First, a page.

1) The power use of bulbs is specified in units of power, not energy. In other words, watts - which means joules per second.
2) Light-bulbs come in different capacities.
3) It is incorrect to say that the energy (or power) "is in" the light-bulb. The light-bulb simply transforms one type of energy to another, using electrical energy which is NOT stored in the light-bulb.
there are 100 joules in an energy efficient light bulb 75 joules go towards the light and 25 joules go towards the heat
Four Hundred Joules
it depends on the kind of led bulb
Every second a 150 Watt bulb converts 150 Joules from electricity into heat and light. The number of Watts tells you how many Joules pass per second.
100 watts means 100 Joules/Second. So in 24 hours, the bulb would use 24*60*60*100 Joules. so that's 8,640,000 joules
6o Wh = 216000 J
Almost 90 % of electrical energy provided to an incandescent light bulb goes as heat and rest as light. A 100 Watt bulb puts out 100 Joules of heat per second. So - for one minute it would put out 6000 Joules (100 Watts X 60 seconds). 1 BTU (British Thermal Unit) of heat = 1055.056 Joules. So a 100 watt bulb, burning for one minute would put out 5.68 BTUs of heat. ( 6000 Joules / 1055.056 Joules) = 5.68 BTUs. Same bulb burning for one hour would generate 341 BTUs of heat.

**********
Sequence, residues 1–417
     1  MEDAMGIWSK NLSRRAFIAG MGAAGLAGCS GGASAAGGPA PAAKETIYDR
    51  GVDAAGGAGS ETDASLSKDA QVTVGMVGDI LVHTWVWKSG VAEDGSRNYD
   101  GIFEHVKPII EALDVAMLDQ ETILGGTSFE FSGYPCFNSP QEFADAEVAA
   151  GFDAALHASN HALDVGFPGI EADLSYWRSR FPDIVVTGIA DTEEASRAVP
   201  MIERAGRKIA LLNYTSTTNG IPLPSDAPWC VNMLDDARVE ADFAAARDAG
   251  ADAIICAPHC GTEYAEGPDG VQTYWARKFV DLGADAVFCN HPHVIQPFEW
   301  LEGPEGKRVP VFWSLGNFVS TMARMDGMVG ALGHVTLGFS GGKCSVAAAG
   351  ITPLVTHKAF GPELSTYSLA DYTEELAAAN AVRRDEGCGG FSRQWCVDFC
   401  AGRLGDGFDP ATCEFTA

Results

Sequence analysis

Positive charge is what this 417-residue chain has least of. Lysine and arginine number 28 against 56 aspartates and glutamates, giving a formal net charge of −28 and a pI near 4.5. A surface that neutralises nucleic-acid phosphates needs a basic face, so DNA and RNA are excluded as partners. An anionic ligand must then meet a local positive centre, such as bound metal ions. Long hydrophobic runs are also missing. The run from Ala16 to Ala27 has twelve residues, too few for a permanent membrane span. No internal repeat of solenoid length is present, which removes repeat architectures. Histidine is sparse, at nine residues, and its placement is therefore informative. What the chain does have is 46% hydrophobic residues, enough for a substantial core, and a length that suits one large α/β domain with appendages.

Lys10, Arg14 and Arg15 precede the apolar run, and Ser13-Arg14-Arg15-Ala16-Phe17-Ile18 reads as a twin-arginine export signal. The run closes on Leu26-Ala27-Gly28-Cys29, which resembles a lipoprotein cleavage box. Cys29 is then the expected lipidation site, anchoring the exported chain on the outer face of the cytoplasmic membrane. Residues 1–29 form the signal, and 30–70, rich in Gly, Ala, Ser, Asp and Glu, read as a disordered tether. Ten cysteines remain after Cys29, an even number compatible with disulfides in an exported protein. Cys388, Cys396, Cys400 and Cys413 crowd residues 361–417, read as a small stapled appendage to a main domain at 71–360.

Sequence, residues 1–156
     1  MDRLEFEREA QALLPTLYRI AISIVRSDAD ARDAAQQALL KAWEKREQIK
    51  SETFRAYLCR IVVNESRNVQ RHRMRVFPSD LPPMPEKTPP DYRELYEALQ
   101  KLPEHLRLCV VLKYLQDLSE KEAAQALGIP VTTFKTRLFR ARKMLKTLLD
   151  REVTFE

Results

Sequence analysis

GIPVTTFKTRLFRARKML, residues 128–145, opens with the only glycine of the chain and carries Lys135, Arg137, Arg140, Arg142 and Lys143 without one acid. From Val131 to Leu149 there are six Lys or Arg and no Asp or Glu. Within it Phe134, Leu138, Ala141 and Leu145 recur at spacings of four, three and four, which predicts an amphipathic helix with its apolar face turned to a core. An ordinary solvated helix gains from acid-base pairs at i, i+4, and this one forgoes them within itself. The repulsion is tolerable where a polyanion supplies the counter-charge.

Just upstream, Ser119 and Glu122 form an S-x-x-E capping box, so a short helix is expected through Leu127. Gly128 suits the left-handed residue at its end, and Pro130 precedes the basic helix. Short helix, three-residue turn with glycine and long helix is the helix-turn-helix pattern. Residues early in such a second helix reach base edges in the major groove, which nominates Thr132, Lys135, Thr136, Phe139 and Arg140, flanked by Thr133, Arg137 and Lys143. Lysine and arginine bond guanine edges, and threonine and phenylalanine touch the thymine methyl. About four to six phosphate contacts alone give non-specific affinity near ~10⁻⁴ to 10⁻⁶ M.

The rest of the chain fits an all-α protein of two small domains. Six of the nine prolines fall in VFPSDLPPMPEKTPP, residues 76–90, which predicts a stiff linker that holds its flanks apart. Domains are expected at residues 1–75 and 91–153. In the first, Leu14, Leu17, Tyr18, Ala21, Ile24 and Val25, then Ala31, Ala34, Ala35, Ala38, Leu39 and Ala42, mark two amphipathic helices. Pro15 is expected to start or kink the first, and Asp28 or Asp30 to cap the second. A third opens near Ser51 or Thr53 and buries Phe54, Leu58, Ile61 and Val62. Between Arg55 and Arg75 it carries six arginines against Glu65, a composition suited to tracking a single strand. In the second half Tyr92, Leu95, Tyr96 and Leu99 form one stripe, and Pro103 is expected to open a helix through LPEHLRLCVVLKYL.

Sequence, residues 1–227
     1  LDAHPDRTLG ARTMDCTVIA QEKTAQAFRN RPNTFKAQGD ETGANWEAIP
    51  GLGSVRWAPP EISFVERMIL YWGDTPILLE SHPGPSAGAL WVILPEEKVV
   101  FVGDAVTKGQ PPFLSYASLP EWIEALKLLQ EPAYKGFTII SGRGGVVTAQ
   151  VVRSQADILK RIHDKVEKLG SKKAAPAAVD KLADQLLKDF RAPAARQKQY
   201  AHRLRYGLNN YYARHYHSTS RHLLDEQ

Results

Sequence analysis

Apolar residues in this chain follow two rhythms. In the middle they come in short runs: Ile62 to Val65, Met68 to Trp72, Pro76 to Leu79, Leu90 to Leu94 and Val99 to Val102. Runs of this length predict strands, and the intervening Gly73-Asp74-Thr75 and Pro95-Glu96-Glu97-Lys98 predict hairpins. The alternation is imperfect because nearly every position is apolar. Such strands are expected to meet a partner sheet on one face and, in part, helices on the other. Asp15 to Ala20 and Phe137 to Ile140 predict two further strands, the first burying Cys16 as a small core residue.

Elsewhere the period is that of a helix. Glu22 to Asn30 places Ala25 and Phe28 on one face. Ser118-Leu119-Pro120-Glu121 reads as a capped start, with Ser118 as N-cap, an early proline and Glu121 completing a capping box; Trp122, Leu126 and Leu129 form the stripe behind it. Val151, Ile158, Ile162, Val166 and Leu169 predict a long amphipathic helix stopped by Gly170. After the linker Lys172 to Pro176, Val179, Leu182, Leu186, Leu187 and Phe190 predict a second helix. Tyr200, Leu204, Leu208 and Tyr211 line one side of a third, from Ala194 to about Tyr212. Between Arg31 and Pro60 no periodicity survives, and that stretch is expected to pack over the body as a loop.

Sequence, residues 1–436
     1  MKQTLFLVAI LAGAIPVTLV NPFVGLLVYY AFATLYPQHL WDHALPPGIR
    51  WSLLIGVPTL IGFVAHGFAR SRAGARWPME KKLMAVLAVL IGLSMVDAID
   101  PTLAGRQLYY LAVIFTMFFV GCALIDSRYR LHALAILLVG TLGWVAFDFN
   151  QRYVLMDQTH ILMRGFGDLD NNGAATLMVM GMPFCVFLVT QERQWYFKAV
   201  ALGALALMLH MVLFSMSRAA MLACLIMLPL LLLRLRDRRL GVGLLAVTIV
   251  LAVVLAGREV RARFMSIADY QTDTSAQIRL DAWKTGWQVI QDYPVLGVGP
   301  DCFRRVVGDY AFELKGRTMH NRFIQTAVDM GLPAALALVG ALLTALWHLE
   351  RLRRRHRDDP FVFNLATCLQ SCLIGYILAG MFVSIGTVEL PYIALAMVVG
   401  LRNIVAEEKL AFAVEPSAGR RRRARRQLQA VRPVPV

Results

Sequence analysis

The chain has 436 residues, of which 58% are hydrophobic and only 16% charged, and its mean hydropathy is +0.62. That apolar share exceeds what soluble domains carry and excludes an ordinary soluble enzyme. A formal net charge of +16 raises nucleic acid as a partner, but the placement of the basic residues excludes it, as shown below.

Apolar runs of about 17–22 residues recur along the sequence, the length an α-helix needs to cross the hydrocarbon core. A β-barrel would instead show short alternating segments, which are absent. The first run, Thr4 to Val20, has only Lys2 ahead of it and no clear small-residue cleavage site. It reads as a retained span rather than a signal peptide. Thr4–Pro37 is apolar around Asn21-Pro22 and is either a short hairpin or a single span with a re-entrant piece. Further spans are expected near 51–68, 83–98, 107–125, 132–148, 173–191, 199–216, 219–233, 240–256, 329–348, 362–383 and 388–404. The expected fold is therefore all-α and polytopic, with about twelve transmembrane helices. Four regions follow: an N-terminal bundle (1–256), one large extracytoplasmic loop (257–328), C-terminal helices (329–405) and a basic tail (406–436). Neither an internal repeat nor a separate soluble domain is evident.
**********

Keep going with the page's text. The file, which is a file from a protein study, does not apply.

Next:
40 Joules, I think, as the formula for Watts is Joules/Second = Joules per second 40 Watts should equal 40 Joules per one second...
led bulb lasts for more than 24 hours if they glow continuously but if we use the periodically(from some time to time ) they lasts long for many years
its between 30 lumens per bulb
Watt means joules/second. It refers to the amount of energy a device uses, in this case. Multiply the power (in watts) by the time (in seconds) to get the energy (in joules).
56 kilo joules = 56,000 joules
Given the wavelength of the photons from above, 3000 nm you just calculate how many joules each photon has and divide that into 100 joules per second.
100 joules/second = 100 watts.
1 watt= 1 joules/1 sec60 w = 60joules/minuteor=3600joules/hour
100 watts running for 60 seconds uses 100 x 60 Joules of energy. A Joule is the same as a watt-second.
It's 100 watts times 3600 seconds, that's 360,000 joules of energy. A joule is 1 watt for 1 second.
welll it really depends on the volasity of light energy but from my calculatios it is 900
Yes, absolutely. As long as the LED bulb and incandescent bulb have the same base they will both fit the socket. The LED bulb will also run much cooler than the original incandescent bulb.
LED bulbs com in different powers, so there's no way to tell. At a guess a 10W LED might compare to a 60W incandescent.
An LED has a longer life than an incandescent light bulb.
A petajoule is 1015 joules (Quadrillion joules)
Any replacement bulb, LED or not, can be used, so long as the voltage specs are respected and that the bulb's contacts are of the same type.